USC Professor Meshkati Speaks on Nuclear Safety at China Environment Forum

June 20, 2012 | By More

We are so grateful that USC Professor Najmedin Meshkati agreed to speak at the 2012 Sino-American Juvenile International Energy Alliance Environment Conference that took place on June 15, 2012 at No. 1 High School in Guiyang, China. As forum keynote speaker, Professor Meshkati focused on nuclear power and specifically on how proper human, organization, and technology all need to be in place in order to have a safe nuclear power plant. He emphasized that a weak link in the “chain” of these three items will lead to disaster. Meshkati maintained that most famous nuclear power plant accidents, including Three Mile Island, Bhopal, Chernobyl and Fukushima were not simply due to human error.

Professor Meshkati is a well-known expert in safety in power plants in general, has published countless papers on this topic, and has visited the sites of many of the most famous nuclear disasters. He applauded China’s decision to separate the nuclear regulatory commission from the organization responsible for operating the power plants. Meshkati’s conclusion is that nuclear accidents are the result of many outside factors, each of which can be categorized into one of three categories: human, organization, and technology. These errors include complicated operational practices, the faulty parts or assembly of parts, ineffective training, non-responsive management systems, sudden environmental disturbances, and the list goes on.

Speaking to professor Meshkati privately after the forum on behalf of the International Energy Alliance, I posed a hypothetical question to him: If there were simply no safety issues for nuclear power plants, with renewable power becoming more available and less costly, would there still be a need for nuclear power? Professor Meshkati responded by making three major points. First, our need for electrical power is increasing and that this increase is inevitable. Second, there will always be geographic locations where large amounts of electricity are needed, and yet renewable energy is not practical or even possible. Third, even in areas where we can produce renewable energy, it is often not possible to use only renewable energy to produce the quantity of electricity that is needed.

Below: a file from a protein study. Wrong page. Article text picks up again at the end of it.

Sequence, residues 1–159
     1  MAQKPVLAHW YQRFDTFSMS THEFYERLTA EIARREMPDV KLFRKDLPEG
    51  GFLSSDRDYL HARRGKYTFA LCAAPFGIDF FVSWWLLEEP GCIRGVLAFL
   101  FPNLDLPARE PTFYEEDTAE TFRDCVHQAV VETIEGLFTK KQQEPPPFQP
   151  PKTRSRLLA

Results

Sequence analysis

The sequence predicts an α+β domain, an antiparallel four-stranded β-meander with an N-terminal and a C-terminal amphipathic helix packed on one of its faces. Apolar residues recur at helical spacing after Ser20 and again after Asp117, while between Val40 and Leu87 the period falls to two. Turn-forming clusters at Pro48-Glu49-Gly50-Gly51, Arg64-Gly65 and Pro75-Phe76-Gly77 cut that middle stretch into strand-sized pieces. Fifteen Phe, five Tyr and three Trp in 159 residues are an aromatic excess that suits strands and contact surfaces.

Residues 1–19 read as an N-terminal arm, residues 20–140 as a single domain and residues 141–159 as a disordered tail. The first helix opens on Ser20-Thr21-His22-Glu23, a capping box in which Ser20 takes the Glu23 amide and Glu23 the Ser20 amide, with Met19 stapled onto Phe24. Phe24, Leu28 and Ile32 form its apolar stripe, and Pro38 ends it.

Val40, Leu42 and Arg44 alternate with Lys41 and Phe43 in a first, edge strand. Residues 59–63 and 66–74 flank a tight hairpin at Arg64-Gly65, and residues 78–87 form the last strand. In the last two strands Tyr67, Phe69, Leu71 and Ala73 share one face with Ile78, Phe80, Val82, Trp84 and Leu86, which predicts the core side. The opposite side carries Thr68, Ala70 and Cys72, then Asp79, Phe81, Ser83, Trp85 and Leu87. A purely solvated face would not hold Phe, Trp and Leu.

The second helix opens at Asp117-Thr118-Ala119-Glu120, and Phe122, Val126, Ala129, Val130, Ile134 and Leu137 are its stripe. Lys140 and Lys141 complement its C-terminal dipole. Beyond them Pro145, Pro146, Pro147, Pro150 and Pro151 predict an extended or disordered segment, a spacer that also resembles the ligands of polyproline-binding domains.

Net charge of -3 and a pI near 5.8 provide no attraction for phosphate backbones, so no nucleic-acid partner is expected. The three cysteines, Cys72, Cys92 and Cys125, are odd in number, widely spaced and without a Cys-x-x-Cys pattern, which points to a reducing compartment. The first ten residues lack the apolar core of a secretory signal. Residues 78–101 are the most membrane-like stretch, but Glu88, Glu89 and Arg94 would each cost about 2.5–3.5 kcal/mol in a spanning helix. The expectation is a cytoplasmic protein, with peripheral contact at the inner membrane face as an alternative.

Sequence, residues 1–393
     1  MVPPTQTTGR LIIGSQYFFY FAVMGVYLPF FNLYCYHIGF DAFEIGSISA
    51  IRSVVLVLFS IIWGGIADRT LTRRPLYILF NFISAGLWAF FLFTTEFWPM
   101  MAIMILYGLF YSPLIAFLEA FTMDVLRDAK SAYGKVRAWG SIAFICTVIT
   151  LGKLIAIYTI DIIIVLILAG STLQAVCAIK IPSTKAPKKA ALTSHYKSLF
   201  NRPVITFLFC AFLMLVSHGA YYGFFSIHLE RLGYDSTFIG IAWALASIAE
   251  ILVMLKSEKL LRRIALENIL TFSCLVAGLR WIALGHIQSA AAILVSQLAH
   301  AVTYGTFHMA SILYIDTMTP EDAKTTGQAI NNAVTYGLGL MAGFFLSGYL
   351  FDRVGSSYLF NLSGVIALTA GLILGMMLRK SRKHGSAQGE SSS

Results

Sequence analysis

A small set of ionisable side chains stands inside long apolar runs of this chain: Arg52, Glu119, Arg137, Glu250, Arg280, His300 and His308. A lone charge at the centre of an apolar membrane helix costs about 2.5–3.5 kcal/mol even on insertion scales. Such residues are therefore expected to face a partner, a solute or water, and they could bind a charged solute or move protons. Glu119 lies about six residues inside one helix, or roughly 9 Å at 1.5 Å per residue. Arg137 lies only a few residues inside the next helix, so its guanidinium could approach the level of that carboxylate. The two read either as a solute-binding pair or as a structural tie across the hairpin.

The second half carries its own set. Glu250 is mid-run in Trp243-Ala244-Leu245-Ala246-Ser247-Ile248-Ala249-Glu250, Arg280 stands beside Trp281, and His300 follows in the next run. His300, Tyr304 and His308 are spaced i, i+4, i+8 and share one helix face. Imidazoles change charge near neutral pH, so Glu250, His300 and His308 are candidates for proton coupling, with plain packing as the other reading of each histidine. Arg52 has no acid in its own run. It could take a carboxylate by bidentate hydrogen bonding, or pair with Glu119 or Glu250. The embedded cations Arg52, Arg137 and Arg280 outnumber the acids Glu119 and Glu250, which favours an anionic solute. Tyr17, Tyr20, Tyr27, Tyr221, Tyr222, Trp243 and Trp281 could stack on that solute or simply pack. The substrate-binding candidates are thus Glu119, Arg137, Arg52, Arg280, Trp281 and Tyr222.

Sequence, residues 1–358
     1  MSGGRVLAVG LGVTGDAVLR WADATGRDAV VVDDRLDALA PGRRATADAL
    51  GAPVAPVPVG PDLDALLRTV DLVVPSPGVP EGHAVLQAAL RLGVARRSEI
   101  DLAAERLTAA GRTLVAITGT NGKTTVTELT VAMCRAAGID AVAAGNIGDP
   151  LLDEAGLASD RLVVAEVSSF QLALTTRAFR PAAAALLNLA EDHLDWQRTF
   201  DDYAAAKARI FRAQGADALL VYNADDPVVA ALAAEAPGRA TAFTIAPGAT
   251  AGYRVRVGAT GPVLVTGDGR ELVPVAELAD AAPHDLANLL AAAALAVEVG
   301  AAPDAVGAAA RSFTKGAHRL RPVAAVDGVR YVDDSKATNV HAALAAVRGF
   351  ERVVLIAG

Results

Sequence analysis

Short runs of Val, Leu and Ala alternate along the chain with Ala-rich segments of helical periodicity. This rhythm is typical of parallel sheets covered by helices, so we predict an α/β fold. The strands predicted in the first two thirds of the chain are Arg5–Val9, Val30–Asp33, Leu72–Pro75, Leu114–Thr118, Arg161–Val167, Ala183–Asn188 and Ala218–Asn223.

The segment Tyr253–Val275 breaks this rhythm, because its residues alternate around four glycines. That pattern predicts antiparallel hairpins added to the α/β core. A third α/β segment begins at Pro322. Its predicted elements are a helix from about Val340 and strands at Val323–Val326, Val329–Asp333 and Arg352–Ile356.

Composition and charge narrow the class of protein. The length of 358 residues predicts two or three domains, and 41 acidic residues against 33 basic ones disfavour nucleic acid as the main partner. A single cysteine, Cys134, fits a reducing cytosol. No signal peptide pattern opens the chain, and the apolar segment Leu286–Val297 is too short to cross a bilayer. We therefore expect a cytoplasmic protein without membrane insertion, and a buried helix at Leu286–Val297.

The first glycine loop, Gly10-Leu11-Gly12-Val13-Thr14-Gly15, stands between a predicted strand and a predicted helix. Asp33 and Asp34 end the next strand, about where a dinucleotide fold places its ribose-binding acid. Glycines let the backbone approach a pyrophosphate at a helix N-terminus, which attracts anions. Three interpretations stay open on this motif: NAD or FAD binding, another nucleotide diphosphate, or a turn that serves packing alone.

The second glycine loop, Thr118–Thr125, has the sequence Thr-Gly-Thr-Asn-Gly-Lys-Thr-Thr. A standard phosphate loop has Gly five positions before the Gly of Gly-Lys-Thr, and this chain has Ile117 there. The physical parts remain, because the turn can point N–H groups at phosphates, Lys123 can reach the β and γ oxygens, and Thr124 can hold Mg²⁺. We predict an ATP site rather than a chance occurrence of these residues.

I then asked about the cost and time to build nuclear power plants as compared to renewable energy technology. Professor Meshkati pointed out that, yes, it takes a lot of time and is expensive because everything has to be custom built. Meshkati then pointed out that there is a new nuclear power plant construction model that is being developed which would implement a prefabricated modular approach to building nuclear power plants.

So then the obvious conclusion is that it seems nuclear power is here to stay and that much more effort needs to be put into the safety aspect of nuclear power plants.


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Category: China, China Environment Forum 2012

About the Author ()

I am in my second year of a five year combination BS physics/math and MS systems engineering program offered jointly through Haverford College and UPenn. Helping my community is a lot of fun and means a great deal to me. Through the IEA and other efforts, I've come to learn how much power many can have when there is a clear positive vision, motivation and momentum. "There is no sadder sight than a young pessimist." — Mark Twain

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